By CHARLES SCHELLE — firstname.lastname@example.org
BRADENTON — Florida’s top jobs chief is singing the praises of the state’s unemployment numbers, but knows there is more to be done.
Jesse Panuccio, executive director of the Florida Department of Economic Opportunity, told the Herald during a tour of the region that while Florida’s unemployment is now trending below the national average, employers are having trouble finding certain candidates.
“We have gained jobs in last two years in eight of 10 industries. The two where we haven’t gained are public sector jobs and manufacturing,” Panuccio said. “Manufacturing is critically important, and that’s why we focused a lot in the last year to try to change state policy to bring manufacturers back to Florida.”
Projections through 2020 show that construction and extraction jobs and construction trade workers will have some of the highest gains, other than food and retail, according to Florida Labor Statistics, with nearly 3,000 combined jobs expected to be produced.
“As a country we let manufacturers go overseas for a few years thinking those aren’t good paying jobs,” Panuccio said. “It turns out they are very good jobs, and they are also stable jobs that can help an economy, say an economy that’s based on tourism and hospitality and construction, weather a recession better than some of those other industries.”
Home builders have said they can’t finish a house quickly enough because the carpenters skipped town when the economy tanked, and there are ways to help resolve that, Panuccio said.
“In the short term, you can do things like quick-response training at the work-force boards, and short-term courses you can help the labor force to get up to speed in various skills,” he said. The long-term approach by the governor is a focus on those science, technology engineering and math courses, but those all don’t necessarily cover the vocational trades, which are proving to offer good paying jobs that can weather a downturn in the economy.
“It’s also important for those who want to pursue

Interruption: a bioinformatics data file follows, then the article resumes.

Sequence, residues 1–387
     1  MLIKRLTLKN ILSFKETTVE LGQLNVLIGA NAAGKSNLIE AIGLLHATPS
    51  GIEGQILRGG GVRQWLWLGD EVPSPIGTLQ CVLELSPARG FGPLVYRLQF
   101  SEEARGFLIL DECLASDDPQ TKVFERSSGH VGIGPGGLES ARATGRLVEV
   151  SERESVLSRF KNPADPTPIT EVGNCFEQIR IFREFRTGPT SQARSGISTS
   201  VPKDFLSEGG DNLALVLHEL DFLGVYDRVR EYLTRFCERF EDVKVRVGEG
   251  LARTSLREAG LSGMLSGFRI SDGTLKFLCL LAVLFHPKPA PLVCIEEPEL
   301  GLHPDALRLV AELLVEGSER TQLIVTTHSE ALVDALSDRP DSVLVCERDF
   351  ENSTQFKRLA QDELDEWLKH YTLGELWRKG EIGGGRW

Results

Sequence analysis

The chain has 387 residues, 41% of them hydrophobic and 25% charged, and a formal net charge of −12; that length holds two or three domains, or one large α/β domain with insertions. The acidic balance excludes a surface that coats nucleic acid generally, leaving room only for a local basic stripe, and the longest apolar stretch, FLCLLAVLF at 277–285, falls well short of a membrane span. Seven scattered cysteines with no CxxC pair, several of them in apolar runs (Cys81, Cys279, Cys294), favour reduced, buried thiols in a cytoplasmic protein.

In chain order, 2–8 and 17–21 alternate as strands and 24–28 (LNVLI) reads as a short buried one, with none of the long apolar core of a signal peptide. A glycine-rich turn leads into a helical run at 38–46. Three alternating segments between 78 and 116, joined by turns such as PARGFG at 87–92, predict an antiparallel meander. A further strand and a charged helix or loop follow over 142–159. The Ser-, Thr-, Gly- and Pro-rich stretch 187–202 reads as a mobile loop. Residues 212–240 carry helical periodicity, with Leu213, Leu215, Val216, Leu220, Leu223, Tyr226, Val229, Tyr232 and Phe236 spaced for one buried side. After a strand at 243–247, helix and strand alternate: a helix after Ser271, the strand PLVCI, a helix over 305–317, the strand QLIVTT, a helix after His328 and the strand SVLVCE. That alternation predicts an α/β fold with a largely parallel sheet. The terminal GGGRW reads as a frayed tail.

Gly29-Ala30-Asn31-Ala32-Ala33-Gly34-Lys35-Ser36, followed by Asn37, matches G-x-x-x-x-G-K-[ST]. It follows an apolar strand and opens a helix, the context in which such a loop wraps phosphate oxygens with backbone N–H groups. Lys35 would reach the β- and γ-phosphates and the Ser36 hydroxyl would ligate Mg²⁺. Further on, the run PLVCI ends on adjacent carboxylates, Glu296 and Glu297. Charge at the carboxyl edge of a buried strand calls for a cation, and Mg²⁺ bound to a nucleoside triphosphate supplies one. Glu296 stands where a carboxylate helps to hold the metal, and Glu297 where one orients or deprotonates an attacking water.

a career in manufacturing that we don’t make things like vocational education a bad word,” he said. “We can show them that you can go get that education and get good jobs.”
The demand for vocational education is rising, too. Manatee Technical Institute is seeing more applications this year than they have in the last two years. The trade school has accepted 599 applications for the upcoming year, and enrollment just started this past week, said Mara Howl, spokeswoman for MTI.
The school received 528 applications in the first quarter of 2011, and 557 in 2012, she added.
MTI doesn’t have data yet on what courses the students are taking, but the expanded programs and new location on State Route 70 might play a factor, Howl said.
The school has a 91 percent completion rate for its programs, Howl said, where students leave with a marketable skill, and has a 91 percent placement rate to get students into jobs.
“We work real closely with the Economic Development Corporation,” she said. “Mary Chilton has been here once a week with a company to see what we’re doing and see how we can help them, and see if these companies can hire these students.”
One of the more successful areas has been welding and machining.
“In machining, we never had 20 students in a class, and last year we had 30,” Howl said. That’s also thanks in part to Air Products at Port Manatee looking to hire 10 welders a month for the next 10 months, she added.
HVAC enrollment is booming, and the automotive classes always have strong enrollment, she added.
“We are beginning to offer more programs year-round,” Howl said. “I think that for adults who want to go back to school and start training for a new career, they don’t want to take a six-week break in the summer. We’removing our programs in the direction of being offered year-round so they don’t have to stop for six weeks in the summer.”
That’s what happened with the auto and HVAC programs, she said.
The state is trying to provide resources to peoplelooking for career changes and additional education through its EmployFlorida.com website, where job seekers can search schools thatoffer training for a specificoccupation, plus see how many people completetraining for their occupations.
“If you’re interested in being a registered nurse and looking at your local state college’s program, you can look at how well are they doing, how well are they at placing people and what’s the actual job demand in the community you might live in after you graduate from that college,” Panuccio said.
But not every large company is having trouble finding workers.
Feld Entertainment has all sorts of jobs open, ranging from ice and train technicians to director of event marketing and sales, and the circus and show company isn’t having a problem finding candidates for the 225 jobs coming to Ellenton.
The company’s consolidation will be the first time the entire operation will be under one roof. That includes space for circus rehearsal, concert tour practice and an ice rink for Disney On Ice.
“We really haven’t had any issues finding qualified candidates for positions we have available,” said Steve Payne, spokesman for Feld.
The higher level the position, the wider the geographical net is cast, but even the technical jobs that include building sets can attract applicants from all over.
Payne said Feld will continually have openings with as large an operation as it has, and besides, there are cool perks with having a job with Feld.
“You get to tour the world as well as have a home base in Southwest Florida,” Payne said.
Charles Schelle, business reporter, can be reached at 941-745-7095. Follow him on Twitter @ImYourChuck.